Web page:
Title: The Immortal Rules (Blood of Eden #1)
Author: Julie Kagawa
Rating: 3.5/5 Stars
I’m probably going to get pelted with stones for saying this, but I don’t understand the hype behind this novel. Was The Immortal Rules good? Yes, yes it was. Was it amazing? Did it deserve the raving reviews it’s receiving all over the blogosphere? It is truly mind-blowing? In my opinion, no, it’s not. While I thoroughly enjoyed reading The Immortal Rules and will most definitely be picking up its sequel, I don’t think I was as invested in this story as other readers. Perhaps I have a mind-block from disliking Kagawa’s Iron Fey Series, a set of novels whose idea I adored but characters I hated. Or maybe I simply expected too much from this novel and it failed to deliver. Whatever it may be, I find myself in the minority of people who liked The Immortal Rules but by no means loved it.
Allie is a Japanese teenager living in a world overrun by vampires. As a human, Allie has two choices – stay Unregistered and struggle to steal her food and keep herself alive or become a Registered Human and donate blood to the bloodsuckers that killed her family. For Allie, the choice is a no brainer – she’s tough, she’s strong, and she’s a survivor. When a raid to obtain food for the winter ahead backfires though, Allie finds herself breathing her last, so when Kanin, a powerful Master vampire, offers to grant her immortality, the survivor in her wins out and she agrees. Yet, being a vampire is nothing like Allie imagines and despite her determination to remain as human as possible, her Hunger is hard to satiate. When Allie becomes separated from Kanin, her sire and teacher, she inadvertently joins another group of Unregistered Humans – who have no idea she is a vampire – on a quest to find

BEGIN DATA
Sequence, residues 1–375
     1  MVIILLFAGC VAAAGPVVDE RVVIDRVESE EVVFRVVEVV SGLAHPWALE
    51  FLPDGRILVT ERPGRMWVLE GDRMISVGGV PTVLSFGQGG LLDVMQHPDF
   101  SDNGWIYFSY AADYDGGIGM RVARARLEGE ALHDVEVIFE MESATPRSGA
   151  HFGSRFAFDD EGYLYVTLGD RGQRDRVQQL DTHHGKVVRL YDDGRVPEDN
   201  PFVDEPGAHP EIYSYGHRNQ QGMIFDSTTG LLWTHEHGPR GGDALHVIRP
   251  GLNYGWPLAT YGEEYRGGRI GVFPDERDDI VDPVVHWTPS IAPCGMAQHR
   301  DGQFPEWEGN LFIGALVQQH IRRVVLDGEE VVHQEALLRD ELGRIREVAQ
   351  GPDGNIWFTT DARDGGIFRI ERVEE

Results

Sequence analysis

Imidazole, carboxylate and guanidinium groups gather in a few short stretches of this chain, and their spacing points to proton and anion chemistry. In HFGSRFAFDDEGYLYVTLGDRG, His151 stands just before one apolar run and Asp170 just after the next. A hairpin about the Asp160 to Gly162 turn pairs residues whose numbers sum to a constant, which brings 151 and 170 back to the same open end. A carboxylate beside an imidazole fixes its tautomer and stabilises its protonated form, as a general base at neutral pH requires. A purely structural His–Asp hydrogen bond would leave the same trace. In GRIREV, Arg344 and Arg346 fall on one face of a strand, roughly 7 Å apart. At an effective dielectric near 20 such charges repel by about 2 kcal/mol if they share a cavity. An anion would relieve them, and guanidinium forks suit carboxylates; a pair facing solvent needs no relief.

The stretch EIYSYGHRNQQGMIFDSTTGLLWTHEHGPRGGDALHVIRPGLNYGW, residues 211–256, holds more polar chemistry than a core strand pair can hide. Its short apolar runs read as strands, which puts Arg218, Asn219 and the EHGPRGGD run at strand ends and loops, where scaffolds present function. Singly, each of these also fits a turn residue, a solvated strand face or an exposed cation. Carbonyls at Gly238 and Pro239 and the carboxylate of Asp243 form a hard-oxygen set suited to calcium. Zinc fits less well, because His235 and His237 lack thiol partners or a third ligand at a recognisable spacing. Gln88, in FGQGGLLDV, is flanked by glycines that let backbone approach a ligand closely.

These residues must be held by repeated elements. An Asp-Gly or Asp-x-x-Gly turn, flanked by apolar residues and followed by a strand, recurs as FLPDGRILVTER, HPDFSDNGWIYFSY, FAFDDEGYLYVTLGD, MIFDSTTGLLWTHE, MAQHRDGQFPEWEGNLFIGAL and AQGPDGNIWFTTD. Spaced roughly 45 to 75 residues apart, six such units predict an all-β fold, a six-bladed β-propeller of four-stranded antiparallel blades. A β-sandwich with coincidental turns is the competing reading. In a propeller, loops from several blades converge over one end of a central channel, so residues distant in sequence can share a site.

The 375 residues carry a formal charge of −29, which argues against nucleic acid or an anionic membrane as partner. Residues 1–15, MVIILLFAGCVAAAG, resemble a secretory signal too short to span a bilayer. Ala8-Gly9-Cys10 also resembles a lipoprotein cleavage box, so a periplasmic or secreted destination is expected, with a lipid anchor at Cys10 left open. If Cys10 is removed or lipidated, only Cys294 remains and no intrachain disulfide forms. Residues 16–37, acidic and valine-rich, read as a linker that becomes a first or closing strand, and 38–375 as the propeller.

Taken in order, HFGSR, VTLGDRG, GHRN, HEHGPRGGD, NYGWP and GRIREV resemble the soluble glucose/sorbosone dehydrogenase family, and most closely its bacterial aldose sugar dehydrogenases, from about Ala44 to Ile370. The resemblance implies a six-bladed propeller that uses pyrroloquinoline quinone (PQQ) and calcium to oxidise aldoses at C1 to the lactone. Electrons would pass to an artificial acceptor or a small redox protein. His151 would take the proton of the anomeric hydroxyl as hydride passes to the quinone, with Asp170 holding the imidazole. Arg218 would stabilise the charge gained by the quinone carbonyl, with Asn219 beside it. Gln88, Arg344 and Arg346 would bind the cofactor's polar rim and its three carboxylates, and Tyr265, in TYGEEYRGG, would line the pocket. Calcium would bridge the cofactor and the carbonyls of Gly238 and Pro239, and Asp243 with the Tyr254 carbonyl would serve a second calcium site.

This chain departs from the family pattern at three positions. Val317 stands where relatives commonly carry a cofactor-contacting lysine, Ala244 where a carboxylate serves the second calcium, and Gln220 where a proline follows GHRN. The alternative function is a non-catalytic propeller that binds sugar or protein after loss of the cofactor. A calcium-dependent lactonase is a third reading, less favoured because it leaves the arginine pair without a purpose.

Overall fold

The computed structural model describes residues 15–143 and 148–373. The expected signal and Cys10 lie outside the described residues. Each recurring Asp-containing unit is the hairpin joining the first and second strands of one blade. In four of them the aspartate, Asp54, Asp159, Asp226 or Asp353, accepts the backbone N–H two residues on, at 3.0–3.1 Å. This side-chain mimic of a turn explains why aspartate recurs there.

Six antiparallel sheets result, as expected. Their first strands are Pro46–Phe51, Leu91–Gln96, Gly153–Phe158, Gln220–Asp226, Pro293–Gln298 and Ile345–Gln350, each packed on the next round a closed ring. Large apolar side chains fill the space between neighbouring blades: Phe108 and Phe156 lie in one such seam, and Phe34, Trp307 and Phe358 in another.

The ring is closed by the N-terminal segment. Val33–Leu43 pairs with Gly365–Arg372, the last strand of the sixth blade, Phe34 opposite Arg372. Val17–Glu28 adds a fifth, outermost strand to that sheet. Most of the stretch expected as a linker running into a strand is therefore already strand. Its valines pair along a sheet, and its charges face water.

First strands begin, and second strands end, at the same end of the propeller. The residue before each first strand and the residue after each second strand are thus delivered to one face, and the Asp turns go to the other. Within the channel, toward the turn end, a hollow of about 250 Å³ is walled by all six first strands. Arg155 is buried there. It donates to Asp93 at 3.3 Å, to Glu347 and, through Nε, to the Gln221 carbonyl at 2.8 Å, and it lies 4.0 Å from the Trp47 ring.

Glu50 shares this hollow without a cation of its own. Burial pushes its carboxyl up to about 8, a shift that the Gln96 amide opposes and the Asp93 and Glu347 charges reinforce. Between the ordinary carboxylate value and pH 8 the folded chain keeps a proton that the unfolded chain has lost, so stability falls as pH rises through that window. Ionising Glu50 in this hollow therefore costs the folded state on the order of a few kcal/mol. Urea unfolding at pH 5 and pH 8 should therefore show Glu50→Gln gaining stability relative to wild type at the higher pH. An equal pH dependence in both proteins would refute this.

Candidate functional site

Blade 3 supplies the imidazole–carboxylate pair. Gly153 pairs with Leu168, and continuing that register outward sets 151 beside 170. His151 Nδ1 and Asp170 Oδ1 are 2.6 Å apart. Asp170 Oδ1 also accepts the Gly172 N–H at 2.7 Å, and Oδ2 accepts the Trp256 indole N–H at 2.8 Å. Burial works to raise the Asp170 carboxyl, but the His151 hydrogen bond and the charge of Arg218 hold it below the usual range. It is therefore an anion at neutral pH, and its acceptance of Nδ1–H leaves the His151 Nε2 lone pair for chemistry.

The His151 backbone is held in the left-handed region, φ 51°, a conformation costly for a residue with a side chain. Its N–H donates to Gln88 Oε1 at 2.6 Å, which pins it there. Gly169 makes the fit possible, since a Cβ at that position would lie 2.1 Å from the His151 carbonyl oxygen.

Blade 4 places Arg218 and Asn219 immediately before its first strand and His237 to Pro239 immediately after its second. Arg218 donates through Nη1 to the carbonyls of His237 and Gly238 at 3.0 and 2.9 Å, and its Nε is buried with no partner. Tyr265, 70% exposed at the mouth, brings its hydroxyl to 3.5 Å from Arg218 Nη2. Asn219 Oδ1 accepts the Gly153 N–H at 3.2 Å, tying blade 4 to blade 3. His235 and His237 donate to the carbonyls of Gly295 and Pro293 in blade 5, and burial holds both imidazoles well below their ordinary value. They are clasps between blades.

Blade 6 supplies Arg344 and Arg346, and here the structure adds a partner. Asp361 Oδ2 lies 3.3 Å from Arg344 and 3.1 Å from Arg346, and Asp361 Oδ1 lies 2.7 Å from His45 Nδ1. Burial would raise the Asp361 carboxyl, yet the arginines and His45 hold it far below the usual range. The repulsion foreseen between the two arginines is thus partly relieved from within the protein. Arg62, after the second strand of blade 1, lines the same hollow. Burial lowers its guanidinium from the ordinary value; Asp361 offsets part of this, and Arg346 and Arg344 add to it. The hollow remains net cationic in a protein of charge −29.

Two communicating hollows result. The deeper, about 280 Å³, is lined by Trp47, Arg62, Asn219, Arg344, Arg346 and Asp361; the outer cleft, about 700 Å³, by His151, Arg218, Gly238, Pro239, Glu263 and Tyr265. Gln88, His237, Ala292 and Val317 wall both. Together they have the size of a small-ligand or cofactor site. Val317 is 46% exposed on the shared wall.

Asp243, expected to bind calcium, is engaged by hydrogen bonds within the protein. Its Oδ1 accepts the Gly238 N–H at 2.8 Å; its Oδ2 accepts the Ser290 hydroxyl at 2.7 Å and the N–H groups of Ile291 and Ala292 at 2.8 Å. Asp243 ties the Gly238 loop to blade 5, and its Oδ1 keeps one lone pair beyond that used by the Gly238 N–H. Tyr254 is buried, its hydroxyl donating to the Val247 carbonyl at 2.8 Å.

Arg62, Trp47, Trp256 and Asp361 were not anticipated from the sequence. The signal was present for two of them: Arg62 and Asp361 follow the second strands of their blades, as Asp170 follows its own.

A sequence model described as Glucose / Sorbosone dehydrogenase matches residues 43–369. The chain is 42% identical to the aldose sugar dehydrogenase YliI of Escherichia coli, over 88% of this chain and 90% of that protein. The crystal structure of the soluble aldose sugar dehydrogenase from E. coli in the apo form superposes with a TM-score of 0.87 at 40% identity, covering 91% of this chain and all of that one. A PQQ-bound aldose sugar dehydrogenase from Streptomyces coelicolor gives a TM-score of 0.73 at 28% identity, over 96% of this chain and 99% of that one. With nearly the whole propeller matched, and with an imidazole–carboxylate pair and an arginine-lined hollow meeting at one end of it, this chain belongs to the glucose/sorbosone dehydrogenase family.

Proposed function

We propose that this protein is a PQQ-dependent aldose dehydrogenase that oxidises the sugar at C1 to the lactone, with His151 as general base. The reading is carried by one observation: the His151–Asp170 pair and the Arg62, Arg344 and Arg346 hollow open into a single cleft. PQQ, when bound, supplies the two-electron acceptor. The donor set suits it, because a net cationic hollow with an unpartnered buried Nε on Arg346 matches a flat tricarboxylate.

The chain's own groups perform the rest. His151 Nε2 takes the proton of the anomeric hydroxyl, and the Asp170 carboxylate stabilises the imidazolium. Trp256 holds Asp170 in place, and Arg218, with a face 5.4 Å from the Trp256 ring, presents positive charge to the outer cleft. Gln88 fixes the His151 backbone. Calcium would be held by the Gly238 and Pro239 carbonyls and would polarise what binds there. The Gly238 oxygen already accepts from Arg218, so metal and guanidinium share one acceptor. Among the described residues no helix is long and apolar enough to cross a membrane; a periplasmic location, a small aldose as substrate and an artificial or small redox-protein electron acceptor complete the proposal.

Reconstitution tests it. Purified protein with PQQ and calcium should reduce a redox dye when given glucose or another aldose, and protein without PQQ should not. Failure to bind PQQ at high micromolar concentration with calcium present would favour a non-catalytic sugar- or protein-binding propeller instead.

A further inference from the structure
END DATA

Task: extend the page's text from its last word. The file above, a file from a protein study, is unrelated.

an island devoid of vampires. As Allie slowly begins to form bonds with these
strange humans (and especially the second-in-command Zeke) that travel in the
night, she is forced to battle her inner demons and come to terms with what it
means to truly be a vampire.
I have to start out by admitting that I admire Kagawa’s imagination. Even with her Iron Fey Series, she managed to take an overused paranormal creature and add her own unique spin to that mythology, creating an original work of fiction. The Immortal Rules is no different and I love the complex world Kagawa was written. In fact, I was extremely pleased that the love interest in this novel did not appear until the half-way mark of this book as that not only allowed room for the development of Allie’s character, but also for a large amount of necessary world-building. Although many readers have claimed that the first half of the novel was boring, I found that it was my favorite part. Then again, this could have to do with Kanin, Allie’s enigmatic vampire teacher. Kanin is, without a doubt, my favorite character and I am thrilled that we’ll be seeing more of him in the sequel. I think he’s a very mysterious and well-fleshed out character that I am very curious to learn more about. In addition, I found that his relationship with Allie was amusing, entertaining, and touching.
Up until the half-way point of this book, I was really enjoying it. It was an easy 4 Stars off the bat, but then the tide began to turn. When Allie meets Zeke and the Unregistered Humans who are on their way to
Eden, I found
that I was more than a little skeptical about how the situation was going to
play out. I found that Ruth, a drama queen who was in love with Zeke, was a
little too bitchy to be considered completely realistic. Furthermore,